Apple’s (NASDAQ:AAPL) plans to launch a music streaming service have been stalled for the moment after talks with Sony/ATV Music Publishing fell through over the cost of streaming rights. The service, aimed to be a direct rival to Pandora Media’s online radio (NYSE:P), was initially set to be launched alongside the iPhone 5, the New York Post said.
Sony/ATV, which is the world’s largest music publisher, wanted a higher per-song rights fee than the current standard of tenths of a penny per stream, the report said. Apple, in turn, wanted to pay lower fees with the justification that its proposed program would be more flexible for the publishers than the custom radios of Pandora, Spotify, or Clear Channel’s iHeartRadio.
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Apple, whose negotiations were led by senior vice president of internet software and services, Eddy Cue, argued that its service would allow content providers to play songs they wanted to promote, instead of relying on the user’s choice. Apple was also aggressive about offering its iTunes store, which lets users buy tracks or albums, as a linked service.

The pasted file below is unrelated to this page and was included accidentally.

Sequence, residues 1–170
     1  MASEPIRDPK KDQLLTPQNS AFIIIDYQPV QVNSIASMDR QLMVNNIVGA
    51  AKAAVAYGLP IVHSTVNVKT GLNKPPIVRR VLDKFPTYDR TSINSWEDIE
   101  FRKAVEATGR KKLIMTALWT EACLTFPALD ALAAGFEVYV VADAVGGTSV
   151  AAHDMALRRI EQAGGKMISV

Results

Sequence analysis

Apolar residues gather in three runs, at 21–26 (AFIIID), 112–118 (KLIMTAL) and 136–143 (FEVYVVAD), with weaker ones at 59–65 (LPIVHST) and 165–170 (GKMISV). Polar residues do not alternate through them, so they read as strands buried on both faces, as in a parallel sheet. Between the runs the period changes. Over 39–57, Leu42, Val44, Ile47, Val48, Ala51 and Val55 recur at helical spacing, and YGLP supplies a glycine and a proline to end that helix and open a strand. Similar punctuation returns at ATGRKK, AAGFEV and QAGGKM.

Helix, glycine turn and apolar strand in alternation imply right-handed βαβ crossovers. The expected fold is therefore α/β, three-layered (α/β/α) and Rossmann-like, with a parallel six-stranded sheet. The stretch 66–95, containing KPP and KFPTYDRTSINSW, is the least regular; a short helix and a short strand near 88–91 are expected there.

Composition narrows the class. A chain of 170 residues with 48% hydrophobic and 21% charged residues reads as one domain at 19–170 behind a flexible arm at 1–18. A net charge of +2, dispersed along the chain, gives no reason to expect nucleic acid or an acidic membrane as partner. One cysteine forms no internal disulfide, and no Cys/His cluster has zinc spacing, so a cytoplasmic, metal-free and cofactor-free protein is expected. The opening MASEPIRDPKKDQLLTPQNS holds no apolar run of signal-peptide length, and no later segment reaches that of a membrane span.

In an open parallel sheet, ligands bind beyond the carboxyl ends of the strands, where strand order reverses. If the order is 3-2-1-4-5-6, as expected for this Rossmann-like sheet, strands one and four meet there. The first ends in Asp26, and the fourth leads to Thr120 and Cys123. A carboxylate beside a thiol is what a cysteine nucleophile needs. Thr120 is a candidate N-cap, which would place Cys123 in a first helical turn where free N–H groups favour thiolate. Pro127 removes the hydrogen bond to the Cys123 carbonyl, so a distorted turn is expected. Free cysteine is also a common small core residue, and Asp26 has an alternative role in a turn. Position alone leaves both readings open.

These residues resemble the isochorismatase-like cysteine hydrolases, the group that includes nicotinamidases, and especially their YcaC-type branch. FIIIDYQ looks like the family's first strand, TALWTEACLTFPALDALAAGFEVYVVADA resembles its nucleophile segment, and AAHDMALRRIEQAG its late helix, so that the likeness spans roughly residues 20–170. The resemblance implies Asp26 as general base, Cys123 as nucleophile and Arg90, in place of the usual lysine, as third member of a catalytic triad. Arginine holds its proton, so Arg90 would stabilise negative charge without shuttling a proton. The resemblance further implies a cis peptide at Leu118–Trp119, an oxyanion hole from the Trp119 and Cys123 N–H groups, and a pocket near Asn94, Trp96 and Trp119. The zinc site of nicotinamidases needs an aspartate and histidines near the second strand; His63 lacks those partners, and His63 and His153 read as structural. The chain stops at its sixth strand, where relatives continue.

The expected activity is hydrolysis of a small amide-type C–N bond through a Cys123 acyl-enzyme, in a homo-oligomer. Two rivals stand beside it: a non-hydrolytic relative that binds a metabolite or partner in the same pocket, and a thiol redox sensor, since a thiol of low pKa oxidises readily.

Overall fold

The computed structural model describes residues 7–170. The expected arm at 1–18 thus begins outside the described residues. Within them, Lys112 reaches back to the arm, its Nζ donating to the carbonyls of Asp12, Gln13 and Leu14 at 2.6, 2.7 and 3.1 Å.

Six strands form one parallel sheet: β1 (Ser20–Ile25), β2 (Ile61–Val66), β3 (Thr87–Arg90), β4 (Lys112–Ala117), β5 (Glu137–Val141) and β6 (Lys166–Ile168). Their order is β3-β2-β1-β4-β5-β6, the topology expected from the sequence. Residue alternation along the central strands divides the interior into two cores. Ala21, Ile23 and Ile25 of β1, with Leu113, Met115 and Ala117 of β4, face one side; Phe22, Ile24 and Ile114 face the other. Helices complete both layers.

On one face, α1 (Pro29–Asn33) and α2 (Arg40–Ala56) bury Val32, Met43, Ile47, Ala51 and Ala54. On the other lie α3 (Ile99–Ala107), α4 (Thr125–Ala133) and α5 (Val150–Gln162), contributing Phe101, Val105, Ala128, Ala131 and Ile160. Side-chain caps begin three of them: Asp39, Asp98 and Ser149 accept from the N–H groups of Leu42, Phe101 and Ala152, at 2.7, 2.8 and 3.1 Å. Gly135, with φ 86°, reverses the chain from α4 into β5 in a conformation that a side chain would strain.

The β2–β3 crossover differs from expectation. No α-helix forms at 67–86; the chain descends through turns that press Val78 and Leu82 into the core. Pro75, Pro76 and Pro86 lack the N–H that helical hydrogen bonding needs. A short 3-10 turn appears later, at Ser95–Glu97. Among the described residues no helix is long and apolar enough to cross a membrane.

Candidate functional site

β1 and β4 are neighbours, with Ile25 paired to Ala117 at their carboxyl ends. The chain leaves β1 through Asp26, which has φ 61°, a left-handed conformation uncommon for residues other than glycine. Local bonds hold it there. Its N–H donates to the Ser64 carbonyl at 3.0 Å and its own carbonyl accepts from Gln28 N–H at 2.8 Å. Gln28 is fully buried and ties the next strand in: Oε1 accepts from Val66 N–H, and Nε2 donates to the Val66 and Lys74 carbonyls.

In addition, things could get complicated for Apple as well as services like Pandora if Sony/ATV goes ahead with its planned pullout from copyright associations Ascap and BMI next year. That will force the streaming service providers to negotiate unilaterally with publishers.
Earlier this month, The Wall Street Journal reported on Apple’s plans to launch the streaming service, sending Pandora’s stock plunging. The report said Apple planned to offer the service on its own mobile devices and computers and possibly on Microsoft (NASDAQ:MSFT) Windows PCs, but not on smartphones and tablets running Google’s (NASDAQ:GOOG) Android software.
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